How dumb is Lathan’s character if she didn’t have the presence of mind to open her “secret” account at a different bank? Or if she had to have it at that bank, why would she have her husband’s name listed on it? Because that’s the only way the teller would say “which account.” Because he gave his name only accounts with his name should have come up. Plus, this undercuts the fact that they’ve already been married for four years and we are to assume that he has never gone into the bank to make a transaction not once when his name is on his wife’s secret account.
What the hell, people: Out of all these things I’ve mentioned, I guess my biggest disappointment was with the audience.
I don’t have a problem in people liking and enjoying Perry’s stage plays and films, but let’s not fool ourselves. This is some piss poor film-making and everyone in that audience should have known it. THESE are the same people who saw “Dreamgirls,” who watch “CSI: Miami,” who read “Waiting to Exhale” and whose favorite films are “The Color Purple,” “The Best Man” and “Bad Boys II.” These are people who have seen both excellent cinema and some of Hollywood’s finest hackery, yet they applaud something they have to know is a vastly inferior product when compared to “CB4,” “Hitch” or “New Jack City.”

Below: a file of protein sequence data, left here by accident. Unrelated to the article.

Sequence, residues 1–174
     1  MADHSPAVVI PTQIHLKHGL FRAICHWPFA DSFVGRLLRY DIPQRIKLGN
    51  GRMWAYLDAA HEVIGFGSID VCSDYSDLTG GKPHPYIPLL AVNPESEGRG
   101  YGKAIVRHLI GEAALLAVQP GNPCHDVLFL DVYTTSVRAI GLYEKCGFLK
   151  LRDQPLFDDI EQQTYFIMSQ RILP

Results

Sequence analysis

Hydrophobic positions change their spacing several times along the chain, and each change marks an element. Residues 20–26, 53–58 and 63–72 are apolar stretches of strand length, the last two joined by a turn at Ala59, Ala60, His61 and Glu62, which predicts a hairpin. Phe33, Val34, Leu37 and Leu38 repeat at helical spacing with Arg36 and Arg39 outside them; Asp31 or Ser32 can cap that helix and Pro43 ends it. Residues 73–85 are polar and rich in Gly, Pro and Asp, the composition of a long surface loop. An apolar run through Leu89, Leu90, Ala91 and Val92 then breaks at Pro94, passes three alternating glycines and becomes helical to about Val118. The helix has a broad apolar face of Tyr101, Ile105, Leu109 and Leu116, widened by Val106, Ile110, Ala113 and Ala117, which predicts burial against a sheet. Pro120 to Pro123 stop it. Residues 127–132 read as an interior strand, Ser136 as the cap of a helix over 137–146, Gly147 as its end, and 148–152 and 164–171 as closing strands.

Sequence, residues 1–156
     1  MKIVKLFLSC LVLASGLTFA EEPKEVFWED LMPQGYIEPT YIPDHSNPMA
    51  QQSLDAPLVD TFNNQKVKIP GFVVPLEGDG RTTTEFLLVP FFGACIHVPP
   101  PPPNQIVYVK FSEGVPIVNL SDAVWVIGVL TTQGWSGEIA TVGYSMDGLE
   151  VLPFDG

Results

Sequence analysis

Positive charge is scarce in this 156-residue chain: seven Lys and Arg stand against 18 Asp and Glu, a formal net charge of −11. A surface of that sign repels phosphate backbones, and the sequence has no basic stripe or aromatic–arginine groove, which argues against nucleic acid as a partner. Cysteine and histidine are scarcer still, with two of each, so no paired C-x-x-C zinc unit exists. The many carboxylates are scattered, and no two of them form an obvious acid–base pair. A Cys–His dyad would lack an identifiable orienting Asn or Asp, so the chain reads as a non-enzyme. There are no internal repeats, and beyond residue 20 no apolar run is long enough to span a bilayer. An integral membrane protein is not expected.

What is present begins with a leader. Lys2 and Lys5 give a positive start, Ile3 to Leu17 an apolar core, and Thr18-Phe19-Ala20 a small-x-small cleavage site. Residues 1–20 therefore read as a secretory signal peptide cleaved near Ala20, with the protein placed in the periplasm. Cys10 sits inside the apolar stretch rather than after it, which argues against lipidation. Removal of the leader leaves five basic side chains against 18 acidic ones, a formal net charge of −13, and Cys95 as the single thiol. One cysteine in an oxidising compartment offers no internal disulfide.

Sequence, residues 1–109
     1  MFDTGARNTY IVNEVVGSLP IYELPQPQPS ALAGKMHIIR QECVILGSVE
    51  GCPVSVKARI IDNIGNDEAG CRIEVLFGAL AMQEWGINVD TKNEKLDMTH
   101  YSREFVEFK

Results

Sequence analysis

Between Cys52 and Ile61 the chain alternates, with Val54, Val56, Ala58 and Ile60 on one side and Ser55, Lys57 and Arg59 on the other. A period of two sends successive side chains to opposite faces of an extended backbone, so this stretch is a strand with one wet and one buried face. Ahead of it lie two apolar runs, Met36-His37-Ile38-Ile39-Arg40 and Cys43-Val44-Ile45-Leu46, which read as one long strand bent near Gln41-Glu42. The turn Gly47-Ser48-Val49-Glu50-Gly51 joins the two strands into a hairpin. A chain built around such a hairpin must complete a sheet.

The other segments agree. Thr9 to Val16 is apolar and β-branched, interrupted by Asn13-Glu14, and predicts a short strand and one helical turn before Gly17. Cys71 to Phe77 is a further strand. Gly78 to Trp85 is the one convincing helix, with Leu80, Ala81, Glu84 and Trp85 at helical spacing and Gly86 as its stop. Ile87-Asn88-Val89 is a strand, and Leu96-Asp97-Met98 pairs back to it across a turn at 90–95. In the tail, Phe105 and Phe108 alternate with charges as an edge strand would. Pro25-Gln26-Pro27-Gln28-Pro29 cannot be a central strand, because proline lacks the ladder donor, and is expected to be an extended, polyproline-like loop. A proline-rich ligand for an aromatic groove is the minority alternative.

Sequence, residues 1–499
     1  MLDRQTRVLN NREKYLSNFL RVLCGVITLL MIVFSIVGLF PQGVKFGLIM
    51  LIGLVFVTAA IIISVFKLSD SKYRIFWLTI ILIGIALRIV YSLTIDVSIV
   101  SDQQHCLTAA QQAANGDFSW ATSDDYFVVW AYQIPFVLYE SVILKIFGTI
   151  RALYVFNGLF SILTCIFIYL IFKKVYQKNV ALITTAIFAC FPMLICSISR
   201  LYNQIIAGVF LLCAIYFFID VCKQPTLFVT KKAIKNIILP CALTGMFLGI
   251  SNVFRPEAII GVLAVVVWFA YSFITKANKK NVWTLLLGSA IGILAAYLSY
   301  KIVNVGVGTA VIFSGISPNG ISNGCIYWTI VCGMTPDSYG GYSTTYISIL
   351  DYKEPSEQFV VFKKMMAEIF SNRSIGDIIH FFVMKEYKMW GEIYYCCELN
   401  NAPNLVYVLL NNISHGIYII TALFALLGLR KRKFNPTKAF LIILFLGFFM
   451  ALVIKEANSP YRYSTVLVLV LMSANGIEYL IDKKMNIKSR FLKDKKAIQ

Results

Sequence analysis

I can understand why someone would love “Beauty Shop,” the boring sequel to the “Barbershop” films, or “Glitter,” that “A Star Is Born While a DJ Saved My Life” nightmare by Mariah Carey because as bad as those movies were the people making them understood the basic elements of filmmaking. That way, you could focus on the REAL problems of the film. Not get stuck on elementals you should have learned in either film school or via virtual film school — a la Quintin Tarantino, a cinephile who consumed mass amounts of movies as he taught himself the craft.